…..and Tips to Avoid and Recover from it
Do you remember when you first fell in love with dance? Do you remember the feeling of excitement every time you mastered a new skill or “got” a move? Do you still experience those feelings after two years, five years? How about ten years after starting your dance journey?
If you are like me, that honeymoon phase when everything was new and fresh has long passed. That’s because in the beginning phases of learning a new skill, you will make the most progress.
There are several reasons for this. First, everything is new and exciting in the beginning, so it’s more fun. Because everything is new, you are paying attention more. You are more alert in class and you are more conscientious about doing it right. Second, you expect to receive correction and are more open to improving because your confidence and competence have not yet emerged. Finally, in the beginning of the learning journey, instruction is fundamental and the basic building blocks are constantly reinforced in class. At least we hope so.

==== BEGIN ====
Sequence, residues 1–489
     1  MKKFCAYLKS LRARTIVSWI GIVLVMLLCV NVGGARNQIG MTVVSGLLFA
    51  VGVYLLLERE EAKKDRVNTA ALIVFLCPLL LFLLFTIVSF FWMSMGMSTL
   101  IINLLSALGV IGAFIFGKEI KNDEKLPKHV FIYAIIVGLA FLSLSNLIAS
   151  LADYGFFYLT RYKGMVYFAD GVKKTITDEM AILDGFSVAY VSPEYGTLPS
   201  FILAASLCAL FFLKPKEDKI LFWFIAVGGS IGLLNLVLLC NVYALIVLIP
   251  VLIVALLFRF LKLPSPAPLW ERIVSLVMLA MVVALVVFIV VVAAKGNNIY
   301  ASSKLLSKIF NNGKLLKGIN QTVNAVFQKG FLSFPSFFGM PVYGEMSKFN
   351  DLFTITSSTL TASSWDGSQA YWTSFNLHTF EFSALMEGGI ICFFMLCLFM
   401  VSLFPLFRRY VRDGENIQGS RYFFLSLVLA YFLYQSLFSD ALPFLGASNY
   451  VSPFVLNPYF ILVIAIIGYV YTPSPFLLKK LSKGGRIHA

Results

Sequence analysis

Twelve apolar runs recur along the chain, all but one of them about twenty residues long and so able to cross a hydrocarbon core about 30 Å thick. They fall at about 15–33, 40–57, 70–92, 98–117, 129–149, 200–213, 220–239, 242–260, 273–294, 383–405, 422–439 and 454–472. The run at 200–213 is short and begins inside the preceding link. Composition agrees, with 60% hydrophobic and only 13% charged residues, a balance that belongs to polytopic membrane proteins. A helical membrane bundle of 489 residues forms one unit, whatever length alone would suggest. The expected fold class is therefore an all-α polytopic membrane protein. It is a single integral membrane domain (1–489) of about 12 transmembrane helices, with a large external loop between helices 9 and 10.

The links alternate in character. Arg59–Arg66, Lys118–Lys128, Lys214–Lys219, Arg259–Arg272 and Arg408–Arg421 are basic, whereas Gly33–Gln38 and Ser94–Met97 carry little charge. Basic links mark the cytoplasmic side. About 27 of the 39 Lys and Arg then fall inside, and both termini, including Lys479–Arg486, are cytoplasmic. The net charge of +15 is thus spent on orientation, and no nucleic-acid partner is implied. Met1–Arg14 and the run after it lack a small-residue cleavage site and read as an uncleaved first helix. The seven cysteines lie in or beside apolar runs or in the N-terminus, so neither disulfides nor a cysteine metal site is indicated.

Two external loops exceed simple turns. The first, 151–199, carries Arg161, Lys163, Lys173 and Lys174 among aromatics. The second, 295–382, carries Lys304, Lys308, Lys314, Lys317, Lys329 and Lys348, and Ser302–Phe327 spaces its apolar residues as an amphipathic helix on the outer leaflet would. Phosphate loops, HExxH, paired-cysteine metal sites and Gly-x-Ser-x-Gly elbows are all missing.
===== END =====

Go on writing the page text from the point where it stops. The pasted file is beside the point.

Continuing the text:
What happens after the initial training years that causes some dancers to plateau in their progress? Based on my experience as a teacher in the classroom and the dance studio, I’ve observed my current and former students. I will share my thoughts on why some dancers stop making progress, even though they dance regularly and had previously made great progress.
In the beginning of the learning journey, as your basic skills improve, so does your confidence. After a few performances, you start to grow into your style, and perhaps you focus more on performance skills, such as musicality, costumes and staging. Choreography, improvisation, and complex skills and concepts such as layering and transitions are finally accessible and much more exciting and urgent to practice than foundational concepts.
The post-honeymoon phase of dance training, which can begin anywhere from 2-5 years approximately depending on your level of seriousness, is often the phase where many dancers could begin to plateau in their progress…unless they have consistently done this one simple thing, which many of us stop doing when we begin to focus on performance skills. It is the biggest mistake we make as experienced and professional dancers.